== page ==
LINGUIST List 3.825

Mon 26 Oct 1992

Disc: Language Preservation

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  1. Patrick John Coppock, 3.819 Language Preservation
  2. Stephen P Spackman, Re: 3.819 Language Preservation

Message 1: 3.819 Language Preservation

Date: Sat, 24 Oct 1992 13:05:28 3.819 Language Preservation
From: Patrick John Coppock <>
Subject: 3.819 Language Preservation

David Powers has obviously stirred up quite a wasp's nest with
his "flame" on the relevance of the ONL project. I don't want
to be accused of trying to go for (or jump down) Dave's
throat, as some others seem to done in the lively discussion
which followed his initial contribution.

Iwould though, like to bring up the question of at least one
family of minority languages and cultures which seems to have
documented a particular ability to survive processes of decay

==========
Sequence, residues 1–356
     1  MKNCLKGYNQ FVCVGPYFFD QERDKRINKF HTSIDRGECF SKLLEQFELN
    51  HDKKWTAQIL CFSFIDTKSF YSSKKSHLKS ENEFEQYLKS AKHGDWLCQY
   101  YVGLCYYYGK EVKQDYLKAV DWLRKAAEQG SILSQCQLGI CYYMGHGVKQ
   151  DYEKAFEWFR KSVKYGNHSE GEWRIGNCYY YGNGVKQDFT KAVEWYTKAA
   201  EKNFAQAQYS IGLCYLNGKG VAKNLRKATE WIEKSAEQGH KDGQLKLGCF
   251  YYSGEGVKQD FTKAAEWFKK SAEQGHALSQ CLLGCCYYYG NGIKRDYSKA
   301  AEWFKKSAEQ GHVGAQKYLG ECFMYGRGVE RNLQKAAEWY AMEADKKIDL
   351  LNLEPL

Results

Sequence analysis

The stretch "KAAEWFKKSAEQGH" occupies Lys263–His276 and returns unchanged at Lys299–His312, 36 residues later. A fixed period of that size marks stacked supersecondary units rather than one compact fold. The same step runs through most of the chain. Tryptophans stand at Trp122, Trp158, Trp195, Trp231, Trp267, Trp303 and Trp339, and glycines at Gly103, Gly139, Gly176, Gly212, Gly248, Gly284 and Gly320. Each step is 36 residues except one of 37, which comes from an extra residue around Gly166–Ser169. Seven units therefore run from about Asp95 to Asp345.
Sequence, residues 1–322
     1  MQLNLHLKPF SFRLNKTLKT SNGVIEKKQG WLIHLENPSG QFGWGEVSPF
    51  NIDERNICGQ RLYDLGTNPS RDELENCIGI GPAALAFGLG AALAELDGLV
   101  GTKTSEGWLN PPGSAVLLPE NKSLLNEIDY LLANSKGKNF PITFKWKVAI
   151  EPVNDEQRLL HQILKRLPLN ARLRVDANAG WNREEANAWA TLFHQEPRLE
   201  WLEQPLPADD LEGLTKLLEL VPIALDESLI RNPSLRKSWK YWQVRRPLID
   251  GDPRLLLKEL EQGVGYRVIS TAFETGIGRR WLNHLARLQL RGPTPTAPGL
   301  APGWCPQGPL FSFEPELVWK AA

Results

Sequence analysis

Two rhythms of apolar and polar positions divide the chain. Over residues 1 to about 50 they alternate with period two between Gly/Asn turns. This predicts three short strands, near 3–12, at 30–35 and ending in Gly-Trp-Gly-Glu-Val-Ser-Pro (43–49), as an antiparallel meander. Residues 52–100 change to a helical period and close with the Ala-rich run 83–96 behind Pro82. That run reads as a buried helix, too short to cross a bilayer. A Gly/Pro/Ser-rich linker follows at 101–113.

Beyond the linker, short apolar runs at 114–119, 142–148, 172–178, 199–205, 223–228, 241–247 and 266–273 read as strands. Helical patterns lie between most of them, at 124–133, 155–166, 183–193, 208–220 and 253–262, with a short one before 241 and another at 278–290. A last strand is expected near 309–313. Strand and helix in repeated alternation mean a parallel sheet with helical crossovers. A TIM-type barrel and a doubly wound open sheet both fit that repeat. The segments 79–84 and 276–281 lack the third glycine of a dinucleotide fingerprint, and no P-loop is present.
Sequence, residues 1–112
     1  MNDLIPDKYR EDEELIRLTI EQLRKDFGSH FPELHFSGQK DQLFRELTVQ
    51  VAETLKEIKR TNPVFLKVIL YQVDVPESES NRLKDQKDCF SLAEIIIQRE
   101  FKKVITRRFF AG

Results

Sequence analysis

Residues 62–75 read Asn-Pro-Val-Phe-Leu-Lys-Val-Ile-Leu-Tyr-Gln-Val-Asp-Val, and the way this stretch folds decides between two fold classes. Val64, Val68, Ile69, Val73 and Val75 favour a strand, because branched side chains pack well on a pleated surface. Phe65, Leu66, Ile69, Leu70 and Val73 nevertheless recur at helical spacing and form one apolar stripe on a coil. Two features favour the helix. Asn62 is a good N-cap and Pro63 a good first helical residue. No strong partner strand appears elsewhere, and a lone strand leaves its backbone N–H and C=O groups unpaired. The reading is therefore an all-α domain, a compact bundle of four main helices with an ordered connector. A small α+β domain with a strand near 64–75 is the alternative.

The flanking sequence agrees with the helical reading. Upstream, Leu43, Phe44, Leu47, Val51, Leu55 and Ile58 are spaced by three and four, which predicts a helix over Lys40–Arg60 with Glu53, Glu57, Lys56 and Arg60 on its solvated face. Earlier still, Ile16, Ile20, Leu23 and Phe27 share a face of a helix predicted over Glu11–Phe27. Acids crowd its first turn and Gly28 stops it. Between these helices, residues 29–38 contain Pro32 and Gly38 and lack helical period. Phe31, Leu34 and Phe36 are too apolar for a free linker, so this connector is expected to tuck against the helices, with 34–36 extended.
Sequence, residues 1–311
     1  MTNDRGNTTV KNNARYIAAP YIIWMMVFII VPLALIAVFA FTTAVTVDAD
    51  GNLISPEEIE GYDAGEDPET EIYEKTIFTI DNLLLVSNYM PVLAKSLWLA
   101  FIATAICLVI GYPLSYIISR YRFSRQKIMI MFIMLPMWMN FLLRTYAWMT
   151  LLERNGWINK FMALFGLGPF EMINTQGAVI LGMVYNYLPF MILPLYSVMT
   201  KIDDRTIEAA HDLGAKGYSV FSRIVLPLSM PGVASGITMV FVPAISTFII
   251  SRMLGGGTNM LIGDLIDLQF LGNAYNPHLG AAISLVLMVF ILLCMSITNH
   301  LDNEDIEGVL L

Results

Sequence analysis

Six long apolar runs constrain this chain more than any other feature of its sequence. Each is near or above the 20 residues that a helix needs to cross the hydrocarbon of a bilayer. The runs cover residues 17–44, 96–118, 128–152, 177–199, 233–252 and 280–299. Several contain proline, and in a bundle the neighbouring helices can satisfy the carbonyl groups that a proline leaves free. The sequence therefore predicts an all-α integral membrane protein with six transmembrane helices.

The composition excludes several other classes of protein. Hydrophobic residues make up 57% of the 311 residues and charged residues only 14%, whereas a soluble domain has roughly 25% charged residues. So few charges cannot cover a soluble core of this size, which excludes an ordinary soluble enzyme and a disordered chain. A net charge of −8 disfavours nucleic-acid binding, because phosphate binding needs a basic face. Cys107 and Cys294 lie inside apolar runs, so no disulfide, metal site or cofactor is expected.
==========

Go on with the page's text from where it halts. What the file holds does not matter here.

and depletion due to their percieved (on the part of more
dominant cultures) lack of value as language systems,
dissolution of the political and cultural systems they coexist
with, increasing levels of inter- and intracultural mobility
for minority language users and minority culture members,
development and dissemination of more and more knowledge to
steadily increasing numbers of people by means of "majority"
languages. In spite of an apparent complete lack of "survival
value" within the "economy" of the lingustic and cultural
systems of the world it would seem that this particular family
of languages will probably manage to survive such processes
for a very long time to come.

As such they will surely be of great interest, not only as
objects for study, but also as languages and cultures which
should be actively promoted and developed. It is also
important that the people responsible for the work of
documentation, promotion and development are, to as large a
degree as possible, themselves members of these cultures, and
users of these languages.

The particular family of languages and cultures I am referring
to here is of course the various native sign languages and
cultures of deaf people throughout the world.

Why have these particular languages and cultures been so

The most obvious reason is their essential functionality for